Written on March 23, 2012 by:

Jennifer Greening, Ed.S. is the author of Opening Doors, Opening Lives: Creating awareness of advocacy, inclusion, and education for our children with special needs. Her book is used in university classes across the country. It received positive reviews from the Autism Society of Michigan and was awarded 2010 Best Books Award Finalist by USA Book News. Visit her website at
  • Laura Bibeau

    I do appreciate both viewpoints.  My daughter has always been included one way or another.  When she attended elementary she was in the spec. ed. class not so much because I wanted her there but because our neighborhood school was not as accomodating as she needed.  I provided the extra support at home through tutoring and such.  She actually has done great academically.  She is extremely social and happy so I was not worried about her (did feel guilty sometimes because there is so much push for inclusion).  Middle shcool was a completely different story.  She attended for a year and a half in an environment that really did not want her.  The teacher was completety unprepared to be teaching our kids and very vocally complained.  After many meetings and getting some stuff implemented (they didnt even have a math or english program) I made the decision to transfer her to a shcool for children with disablilities.  It was the most gut wrenching decision I have ever had to make.  Although I would have liked to see changes made I did not want to waste my daughters precious time while that was done.  She still has many outside supports that continue to help her learn and be fulfilled and at her school she is very happy.  For the first time it is “her school” and she walks in like she owns it.  She has made a friend and they love each other.  She did not have that at middle shcool.  I don’t know what the future will bring but as long as she is happy I am o.k.  If that changes we will make a different decision.  Every choice is personal to each family and situation.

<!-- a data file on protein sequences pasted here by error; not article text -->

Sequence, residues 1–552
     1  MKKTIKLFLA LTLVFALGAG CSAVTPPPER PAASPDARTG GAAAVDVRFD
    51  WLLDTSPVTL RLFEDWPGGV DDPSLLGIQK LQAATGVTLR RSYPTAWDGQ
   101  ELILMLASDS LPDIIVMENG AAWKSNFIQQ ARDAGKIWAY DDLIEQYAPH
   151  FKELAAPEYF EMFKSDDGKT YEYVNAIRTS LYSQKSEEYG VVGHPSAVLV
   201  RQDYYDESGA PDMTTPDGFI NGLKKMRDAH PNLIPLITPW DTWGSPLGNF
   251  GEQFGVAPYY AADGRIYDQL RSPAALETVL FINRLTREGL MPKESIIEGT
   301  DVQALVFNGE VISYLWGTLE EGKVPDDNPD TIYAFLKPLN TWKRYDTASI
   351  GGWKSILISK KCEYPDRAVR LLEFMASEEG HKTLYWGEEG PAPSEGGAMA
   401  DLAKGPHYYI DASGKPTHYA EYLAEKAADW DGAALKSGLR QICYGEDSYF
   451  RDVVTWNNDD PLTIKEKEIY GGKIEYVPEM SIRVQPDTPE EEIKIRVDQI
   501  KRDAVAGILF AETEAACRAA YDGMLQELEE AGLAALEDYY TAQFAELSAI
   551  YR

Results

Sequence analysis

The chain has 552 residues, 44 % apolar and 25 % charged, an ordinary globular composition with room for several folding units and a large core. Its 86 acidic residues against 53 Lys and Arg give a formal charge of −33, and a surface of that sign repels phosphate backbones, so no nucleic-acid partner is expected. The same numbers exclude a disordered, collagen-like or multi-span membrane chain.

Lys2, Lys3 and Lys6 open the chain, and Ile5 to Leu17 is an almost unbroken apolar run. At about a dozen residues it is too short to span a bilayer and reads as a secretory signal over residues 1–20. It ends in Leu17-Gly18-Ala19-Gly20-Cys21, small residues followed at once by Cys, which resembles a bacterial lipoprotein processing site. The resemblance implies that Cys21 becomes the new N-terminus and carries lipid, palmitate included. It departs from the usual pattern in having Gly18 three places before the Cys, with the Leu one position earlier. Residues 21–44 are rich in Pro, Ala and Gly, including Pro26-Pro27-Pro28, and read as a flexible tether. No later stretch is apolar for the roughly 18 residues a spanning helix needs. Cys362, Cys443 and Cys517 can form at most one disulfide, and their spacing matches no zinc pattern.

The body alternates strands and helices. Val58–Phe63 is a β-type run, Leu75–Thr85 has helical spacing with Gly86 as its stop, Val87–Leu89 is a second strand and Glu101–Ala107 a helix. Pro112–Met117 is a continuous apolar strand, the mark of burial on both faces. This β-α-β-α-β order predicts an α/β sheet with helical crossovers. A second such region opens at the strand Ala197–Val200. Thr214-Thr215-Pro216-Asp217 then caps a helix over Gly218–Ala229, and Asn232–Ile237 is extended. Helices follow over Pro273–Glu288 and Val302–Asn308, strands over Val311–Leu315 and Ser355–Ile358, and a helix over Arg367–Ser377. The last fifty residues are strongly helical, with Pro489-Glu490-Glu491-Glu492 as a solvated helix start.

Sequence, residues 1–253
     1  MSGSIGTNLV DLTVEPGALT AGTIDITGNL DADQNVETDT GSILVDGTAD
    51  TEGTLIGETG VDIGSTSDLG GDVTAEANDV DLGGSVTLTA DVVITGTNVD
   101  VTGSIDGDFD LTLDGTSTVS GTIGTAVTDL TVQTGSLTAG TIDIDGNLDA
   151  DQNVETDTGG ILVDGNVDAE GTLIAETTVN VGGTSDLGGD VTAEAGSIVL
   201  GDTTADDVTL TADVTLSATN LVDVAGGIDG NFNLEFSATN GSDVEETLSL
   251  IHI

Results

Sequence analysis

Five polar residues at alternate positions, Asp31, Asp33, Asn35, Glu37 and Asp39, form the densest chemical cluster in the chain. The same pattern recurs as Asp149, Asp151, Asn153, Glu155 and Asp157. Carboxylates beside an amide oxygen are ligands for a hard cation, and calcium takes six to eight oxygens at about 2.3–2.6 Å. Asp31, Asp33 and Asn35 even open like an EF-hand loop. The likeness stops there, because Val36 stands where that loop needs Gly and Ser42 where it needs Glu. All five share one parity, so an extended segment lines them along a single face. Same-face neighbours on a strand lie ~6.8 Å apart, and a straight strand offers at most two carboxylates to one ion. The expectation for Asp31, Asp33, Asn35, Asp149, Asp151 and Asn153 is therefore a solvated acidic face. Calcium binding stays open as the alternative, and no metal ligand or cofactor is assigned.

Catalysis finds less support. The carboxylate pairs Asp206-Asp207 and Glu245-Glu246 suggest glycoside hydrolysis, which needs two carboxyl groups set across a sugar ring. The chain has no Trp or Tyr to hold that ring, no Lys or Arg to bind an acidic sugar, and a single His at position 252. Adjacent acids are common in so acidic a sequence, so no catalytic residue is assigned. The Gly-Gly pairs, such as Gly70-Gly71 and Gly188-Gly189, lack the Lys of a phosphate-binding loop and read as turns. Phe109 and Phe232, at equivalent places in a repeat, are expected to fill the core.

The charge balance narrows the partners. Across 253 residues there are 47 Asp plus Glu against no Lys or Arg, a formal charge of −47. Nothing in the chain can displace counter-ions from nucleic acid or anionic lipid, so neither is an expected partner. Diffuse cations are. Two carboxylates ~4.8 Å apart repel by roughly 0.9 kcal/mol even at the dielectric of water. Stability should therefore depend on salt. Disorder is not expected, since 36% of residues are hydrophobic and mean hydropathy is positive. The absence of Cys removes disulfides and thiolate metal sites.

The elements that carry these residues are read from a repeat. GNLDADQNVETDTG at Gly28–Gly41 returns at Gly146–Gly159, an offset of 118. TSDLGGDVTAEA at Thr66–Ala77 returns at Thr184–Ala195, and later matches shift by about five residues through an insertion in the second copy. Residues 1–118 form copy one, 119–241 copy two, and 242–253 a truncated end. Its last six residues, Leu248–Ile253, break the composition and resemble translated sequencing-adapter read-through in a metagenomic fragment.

• Celena

    For me, and my 5th grade daughter, with the attribute of Down syndrome, inclusion means being part of the community.  Not just in the classroom, at a back table. . . not down the hall away from her peers. .  . but PART of the community.  It hasn’t been easy to convince her GE and SPED teachers what that means and looks like – but it has been worth it.  My daughter is academically behind on standardized testing,  but when the appropriate accomodations and adaptations are made to the testing format, she has shown that she can and does learn at grade level.  AND she is part of her age-appropriate-peer-neighborhood community all day long.  I have no knowledge of the “other” side, as we have felt this from the first day of school.  I don’t know that it is “right” for everyone, but we believe it is “right” for our daughter.  As parents you have to believe in and follow your gut on what is best for YOUR child.  Remember IEP is based on the  INDIVIDUAL – so “inclusion” does mean different things for each individual.

  • I have a child with Aperts Syndrome AND was a teachers assistant for special ed, so I have seen both sides of this argument.  I would say it totally depends on the child.  Some of the children I worked with were highly overstimulated by being in the traditional classroom and it only lead to frustration, not learning.  My child, however, is enjoying being in a classroom of his peers and is thriving.  One other perspective to consider is that at its best inclusion also helps typically developing children learn about and respect those who are different from them.  This is something our society can definitely use more of.